Jem and Scout do not take any major actions that move the story, but feel like active characters in their learning the ways of the world and the way people are prone to act. They seem to be good kids, though not always obedient or wise. Still, they seem to respect and understand the reasons behind Atticus discipline of them, which reflects well on both parties. Atticus is almost too good to be true as a person, but I could believe that someone in his position could be as upright a person as he is. I think his saying that he couldn't live with himself if he didn't defend Tom Robinson is proof of his moral fallibility. Most of the other characters, while prominent, are not worth talking about apart from the Ewell's. They are a prototype of white trash that cheat the system and don't contribute to society while taking from those who do. The unseen villains however are the socially pressured members of the jury that condemn Tom Robinson to his death.

The three kids did a much better job acting than is usual of child actors. They felt like actual kids and didn't give the impression that they were just being cute for the adult audience members. Gregory Peck also gives a great performance. The Ewell's actors are a little hard to judge since the characters are putting on appearances themselves. I suppose the actors found a sweet spot of believable deceptiveness. Heck Tate, Calpurnia, Maudie Atkinson, and Tom Robinson's actors all give decent showings. Robert Duvall doesn't exactly perform as Boo Radley, but he looked perfect for the character even though I had imagined Boo Radley much differently. The camera work seemed pretty good even though some of it felt a little bit cheesy. The script was adapted quite well and kept the pace up and never lets you feel bored.

I would recommend this to almost everyone, though it's not the pinnacle of entertainment. It does make you a more conscious person and calls you to consider what prejudices you might have clouding your judgment. If you don't like old movies or material that seems "boring", I can understand where you're coming from, but would still encourage you to see this through as a form of self-improvement. Overall Rating: 8.2/10.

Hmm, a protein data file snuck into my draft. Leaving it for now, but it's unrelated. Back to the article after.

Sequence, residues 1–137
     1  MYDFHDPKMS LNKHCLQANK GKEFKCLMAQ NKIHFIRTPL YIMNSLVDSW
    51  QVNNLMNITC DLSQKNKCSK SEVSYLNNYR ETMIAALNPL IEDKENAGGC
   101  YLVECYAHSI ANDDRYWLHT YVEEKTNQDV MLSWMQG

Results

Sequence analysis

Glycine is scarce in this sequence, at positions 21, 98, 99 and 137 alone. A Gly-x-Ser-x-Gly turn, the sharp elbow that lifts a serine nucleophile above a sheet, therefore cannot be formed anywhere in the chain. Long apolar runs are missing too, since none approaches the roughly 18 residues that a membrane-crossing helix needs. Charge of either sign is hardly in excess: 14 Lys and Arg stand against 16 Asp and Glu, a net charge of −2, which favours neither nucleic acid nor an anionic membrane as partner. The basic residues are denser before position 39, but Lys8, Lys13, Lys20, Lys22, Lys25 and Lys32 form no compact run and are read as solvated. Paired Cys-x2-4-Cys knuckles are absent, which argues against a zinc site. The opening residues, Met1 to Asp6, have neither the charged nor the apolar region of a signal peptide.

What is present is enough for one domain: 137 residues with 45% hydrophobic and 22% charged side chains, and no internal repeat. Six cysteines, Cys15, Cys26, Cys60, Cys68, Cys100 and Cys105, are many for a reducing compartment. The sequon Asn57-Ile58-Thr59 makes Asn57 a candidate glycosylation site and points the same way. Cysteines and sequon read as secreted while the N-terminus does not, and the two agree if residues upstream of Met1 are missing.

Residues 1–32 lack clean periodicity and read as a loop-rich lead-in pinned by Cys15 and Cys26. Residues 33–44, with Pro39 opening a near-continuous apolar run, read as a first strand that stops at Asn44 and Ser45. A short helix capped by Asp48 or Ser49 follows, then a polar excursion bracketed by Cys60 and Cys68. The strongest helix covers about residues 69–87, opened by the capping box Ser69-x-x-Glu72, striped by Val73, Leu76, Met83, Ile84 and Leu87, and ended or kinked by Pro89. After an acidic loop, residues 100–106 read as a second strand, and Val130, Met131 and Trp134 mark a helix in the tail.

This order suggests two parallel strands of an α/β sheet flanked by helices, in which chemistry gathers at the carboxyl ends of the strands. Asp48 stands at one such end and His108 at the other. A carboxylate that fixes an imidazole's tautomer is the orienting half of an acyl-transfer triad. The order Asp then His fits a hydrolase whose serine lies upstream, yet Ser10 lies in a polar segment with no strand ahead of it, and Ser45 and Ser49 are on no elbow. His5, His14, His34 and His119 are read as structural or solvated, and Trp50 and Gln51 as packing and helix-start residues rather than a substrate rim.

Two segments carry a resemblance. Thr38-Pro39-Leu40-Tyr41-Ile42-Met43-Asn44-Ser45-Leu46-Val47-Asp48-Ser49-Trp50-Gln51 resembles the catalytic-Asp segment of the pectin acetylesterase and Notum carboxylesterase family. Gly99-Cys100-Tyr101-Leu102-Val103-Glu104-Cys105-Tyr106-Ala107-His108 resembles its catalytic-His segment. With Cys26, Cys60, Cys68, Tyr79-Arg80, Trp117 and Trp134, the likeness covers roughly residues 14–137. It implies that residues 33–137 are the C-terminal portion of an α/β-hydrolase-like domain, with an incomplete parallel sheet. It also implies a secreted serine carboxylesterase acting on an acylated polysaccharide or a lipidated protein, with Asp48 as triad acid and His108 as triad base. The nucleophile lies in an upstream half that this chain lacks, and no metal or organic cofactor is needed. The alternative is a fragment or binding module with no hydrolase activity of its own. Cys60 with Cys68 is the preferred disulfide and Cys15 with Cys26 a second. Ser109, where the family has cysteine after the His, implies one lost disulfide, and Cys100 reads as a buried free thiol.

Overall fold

2016-02-14
My Father, This Hero...
I wasn't yet the movie fan I am today but the first time I saw the American Film Institute's Top 100 heroes and villains, I could recognize almost every name, I expected a few exceptions but certainly not the number one hero: Atticus Finch, played by Gregory Peck, in the adaptation of Harper Lee's Pulitzer-winning "To Kill a Mockingbird". Seriously, who was that dork who had the nerve to be a worthier of the first spot than Indiana Jones or James Bond and that I even didn't know?

And "To Kill a Mockingbird" kept popping up in every AFI list and even on IMDb Top 250, so it was an emergency case in my watch-list of fresh new movie fan. So, I saw the film and could see what was so heroic about this noble-hearted white knight of the South, who dared to question racism at a time where it was common banality. And he was played by the noblest of all actors: Gregory Peck. I often criticized his acting as wooden but perhaps this is the one instance where it did fit the character and his Oscar wasn't stolen although O'Toole as Lawrence of Arabia, Lemmon in "Days of Wine and Roses" and Lancaster as "Birdman of Alcatraz" had more complex personalities to play with.

But there was something crowd-pleasing in the story of Atticus Finch, something that exceeded the expectations of cinema and satisfied the Hollywood conscience, it was still a time of relative innocence where the problem of racism could only be displayed through a white people centered story. Not that it's a bad thing but I wish the film had kept its original tone, as a story seen from the perspective of a growing precocious tomboy named Scout (Mary Badham), whose perception of her lawyer of a father and of the world of adults is influenced by one of the cases he must handle. "To Kill a Mockingbird" is a childhood story, inspired from Lee's memories the tired Southern town of Maycomb, but the film carries a child-like innocence that doesn't fit the case.

Scout is a girl spending time jumping, climbing hills and trees with her brother Jem and their friend Dill, inspired by her childhood friend Truman Capote, and she sees her widowed father as a super-figure who has an answer for every question. And it seems that the film has somewhat embraced this creed and made Atticus Finch the hero of this picture, which is puzzling because he's not the focus for the whole first act. But we're supposed to embrace his nobility and optimism because it is obvious the case he must defend is a sham, and it doesn't even take courage but common sense. It's not much Atticus who's noble but the other people who are downright bigots and hateful. It's an insult to intelligence that Robinson is declared guilty despite Finch' invitation for humanism and empathy, but the real heroism would have been to convert them. But Finch's aura is one of a preacher, powerful, symbolic but eventually, useless.